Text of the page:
Even with students who have an increased interaction with digital landscapes, we must never assume these fundamental skills of information literacy have been fully developed because with the digital landscape rapidly changing, there are always literacy skills that need to be refreshed and questioned for fluency.  The article, Establishing Twenty-first Century Information Fluency, states, “Perpetual commentary of the tech savviness of today’s students creates a misperception that they also possess high information fluency competencies to function in today’s information environment.” (O’Connor, L., & Sharkey, J. (2013)).  When it comes to educating students on how to find and gain knowledge using information found online, we must first explicitly teach them how to find knowledge worth consuming and that comes from trusted and reliable primary sources and WHY that is so important. An element of skeptical, yet open, questioning can enable students to steer themselves away from the overload of surface level information and fake news.  There is a three-part process of searching for knowledge – grazing, a deep-dive, and a feedback loop. (O’Connor, L., & Sharkey, J. (2013)). Many students are stalling out at the grazing stage or stopping at the deep-dive phase which does not lead them to interpreting, synthesizing and constructing new concepts from their findings which is the feedback loop that can give new voice to a topic thus becoming a knowledge constructor. (O’Connor, L., & Sharkey, J. (2013)). 

In order to grow from simply grazing to deep-diving and into feedback loop during and after research, it is essential to gain competency with some key researching skills.  The article, Internet Inquiry: Fundamental competencies for Online Comprehension, speaks to the need for students to be able to successfully complete Internet based tasks by: (1) generating high-quality inquiry topics, (2) effectively and efficiently search for information, (3) critically evaluating Internet resources, and (4) connecting ideas across Internet texts. (Kingsley, T., & Tancock, S. (2014)).  Generating high-quality inquiry topics is essential but my question focuses on the competencies that follow after students determine their topic.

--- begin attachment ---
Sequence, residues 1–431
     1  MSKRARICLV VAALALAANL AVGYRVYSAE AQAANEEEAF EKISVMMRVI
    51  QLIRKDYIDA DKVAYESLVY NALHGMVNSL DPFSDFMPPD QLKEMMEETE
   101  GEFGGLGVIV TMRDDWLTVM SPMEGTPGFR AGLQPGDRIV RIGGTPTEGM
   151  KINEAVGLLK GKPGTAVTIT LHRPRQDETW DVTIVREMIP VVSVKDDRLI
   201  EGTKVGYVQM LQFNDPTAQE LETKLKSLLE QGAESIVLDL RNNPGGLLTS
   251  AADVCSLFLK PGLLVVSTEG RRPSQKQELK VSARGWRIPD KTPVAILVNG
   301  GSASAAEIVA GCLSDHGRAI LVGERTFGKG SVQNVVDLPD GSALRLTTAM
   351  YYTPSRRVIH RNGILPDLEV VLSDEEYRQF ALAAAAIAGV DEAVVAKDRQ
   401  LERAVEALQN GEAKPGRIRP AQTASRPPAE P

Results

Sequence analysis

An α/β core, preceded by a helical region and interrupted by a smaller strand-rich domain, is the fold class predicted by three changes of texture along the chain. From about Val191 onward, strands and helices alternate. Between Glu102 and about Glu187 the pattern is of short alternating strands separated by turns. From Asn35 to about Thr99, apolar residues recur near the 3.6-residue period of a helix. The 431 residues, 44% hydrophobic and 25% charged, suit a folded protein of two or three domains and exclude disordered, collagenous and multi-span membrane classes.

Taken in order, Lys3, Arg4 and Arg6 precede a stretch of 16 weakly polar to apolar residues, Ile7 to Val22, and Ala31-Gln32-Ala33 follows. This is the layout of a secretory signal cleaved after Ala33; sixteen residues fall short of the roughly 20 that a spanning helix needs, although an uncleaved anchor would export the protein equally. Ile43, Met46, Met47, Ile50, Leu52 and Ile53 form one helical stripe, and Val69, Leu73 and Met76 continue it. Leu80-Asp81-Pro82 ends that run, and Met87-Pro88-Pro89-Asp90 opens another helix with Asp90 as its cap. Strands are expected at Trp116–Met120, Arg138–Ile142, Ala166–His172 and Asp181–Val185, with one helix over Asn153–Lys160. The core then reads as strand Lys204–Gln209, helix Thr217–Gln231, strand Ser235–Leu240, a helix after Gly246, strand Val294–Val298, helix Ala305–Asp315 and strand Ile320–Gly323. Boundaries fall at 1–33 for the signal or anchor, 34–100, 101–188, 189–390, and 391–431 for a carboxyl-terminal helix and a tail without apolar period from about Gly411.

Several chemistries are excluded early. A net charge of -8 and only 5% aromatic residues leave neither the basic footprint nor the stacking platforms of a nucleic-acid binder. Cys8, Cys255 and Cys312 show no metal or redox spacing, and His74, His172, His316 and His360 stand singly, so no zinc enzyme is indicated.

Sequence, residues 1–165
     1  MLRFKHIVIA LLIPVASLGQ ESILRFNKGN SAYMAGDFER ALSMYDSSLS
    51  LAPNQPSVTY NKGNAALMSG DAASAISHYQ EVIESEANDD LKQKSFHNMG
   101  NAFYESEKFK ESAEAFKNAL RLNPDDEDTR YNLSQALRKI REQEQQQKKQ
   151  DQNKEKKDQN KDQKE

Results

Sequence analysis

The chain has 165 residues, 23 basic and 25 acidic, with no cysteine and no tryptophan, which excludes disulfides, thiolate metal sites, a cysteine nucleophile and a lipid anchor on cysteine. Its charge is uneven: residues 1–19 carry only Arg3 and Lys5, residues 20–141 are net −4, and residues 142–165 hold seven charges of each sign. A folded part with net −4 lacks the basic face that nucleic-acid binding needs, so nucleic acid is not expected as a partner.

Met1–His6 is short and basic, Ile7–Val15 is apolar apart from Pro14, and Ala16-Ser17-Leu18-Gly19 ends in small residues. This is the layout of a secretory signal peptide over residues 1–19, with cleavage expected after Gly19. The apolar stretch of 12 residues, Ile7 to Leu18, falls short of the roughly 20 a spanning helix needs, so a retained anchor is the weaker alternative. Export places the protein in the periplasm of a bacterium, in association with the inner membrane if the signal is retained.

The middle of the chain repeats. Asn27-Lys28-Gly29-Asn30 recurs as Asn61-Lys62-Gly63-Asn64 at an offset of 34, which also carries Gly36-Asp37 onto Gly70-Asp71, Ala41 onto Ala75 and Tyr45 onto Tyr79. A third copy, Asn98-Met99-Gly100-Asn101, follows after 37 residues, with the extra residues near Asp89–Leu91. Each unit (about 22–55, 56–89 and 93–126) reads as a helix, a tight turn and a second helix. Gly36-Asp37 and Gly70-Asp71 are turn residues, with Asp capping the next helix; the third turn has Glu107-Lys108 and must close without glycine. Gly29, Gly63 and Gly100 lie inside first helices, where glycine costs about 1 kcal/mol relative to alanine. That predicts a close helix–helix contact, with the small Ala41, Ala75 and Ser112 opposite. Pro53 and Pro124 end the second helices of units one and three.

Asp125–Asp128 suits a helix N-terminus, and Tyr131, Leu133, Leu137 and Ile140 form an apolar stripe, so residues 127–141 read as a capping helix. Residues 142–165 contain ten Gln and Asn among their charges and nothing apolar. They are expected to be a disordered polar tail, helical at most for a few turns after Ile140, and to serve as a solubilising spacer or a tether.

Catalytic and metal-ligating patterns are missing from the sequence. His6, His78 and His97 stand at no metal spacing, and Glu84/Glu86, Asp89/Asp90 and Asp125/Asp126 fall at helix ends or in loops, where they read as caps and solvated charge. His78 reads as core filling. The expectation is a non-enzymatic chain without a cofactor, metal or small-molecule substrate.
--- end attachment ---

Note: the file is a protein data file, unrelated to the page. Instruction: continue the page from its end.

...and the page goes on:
Students need to learn how to search efficiently and deeply for sources that will help them to gain and construct new knowledge.  Kathleen Morris’ blog has a very informative post called, Five Tips for Teaching Students How to Research and Filter Information, that breaks down the importance of teaching students how to research and how search engines work to bring you the knowledge it thinks you want. This would be an excellent blog post to explicitly walk students through to understand the intricacies of what it means to use the internet to find information. Below is an excerpt from her blog that beautifully describes what needs to go into teaching students to be information literate. (Morris, 2018).

Students (and teachers) need to navigate:_

  • What search terms to put into Google or other search engines
  • What search results to click on and read through (while avoiding inappropriate sites!)
  • How to determine what information is credible
  • How to process, synthesize, evaluate, and present the information
  • How to back up research by combining multiple sources of information
  • How to cite sources correctly

In addition, if we can start teaching strong information literacy skills at a young age and purposefully build upon these skills age appropriately, then students are bound to move into upper grades, college levels classes with a natural ability to apply these skills as adults with a framework that is rooted in gaining and sharing knowledge in a healthy, safe and productive way. Below is Morris’ ideas of how to get there:

The topic of researching and filtering information can be broken down in so many ways but I believe the best approach involves:

  • Starting young and building on skills
  • Embedding explicit teaching and mini-lessons regularly
  • Providing lots of opportunity for practice and feedback
  • Teachers seeking to improve their own skills (it’s easy to stick with old habits!)

Finally, Morris mentions a clear 5-step process that can help students start learning how to search for resources: 

I found checkology.org to be an excellent tool for students to check the validity and relevance of resource materials. Checkology can be a starting point for educators on guiding students toward assessing their resources in order to determine this higher-level thinking and go beyond the grazing stage of research (O’Connor, L., & Sharkey, J. (2013)). Educators can use this tool to teach students how to:

  • Categorize information
  • Make and critique news judgments
  • Explore how the press and citizens can each act as watchdogs
  • Detect and categorize misinformation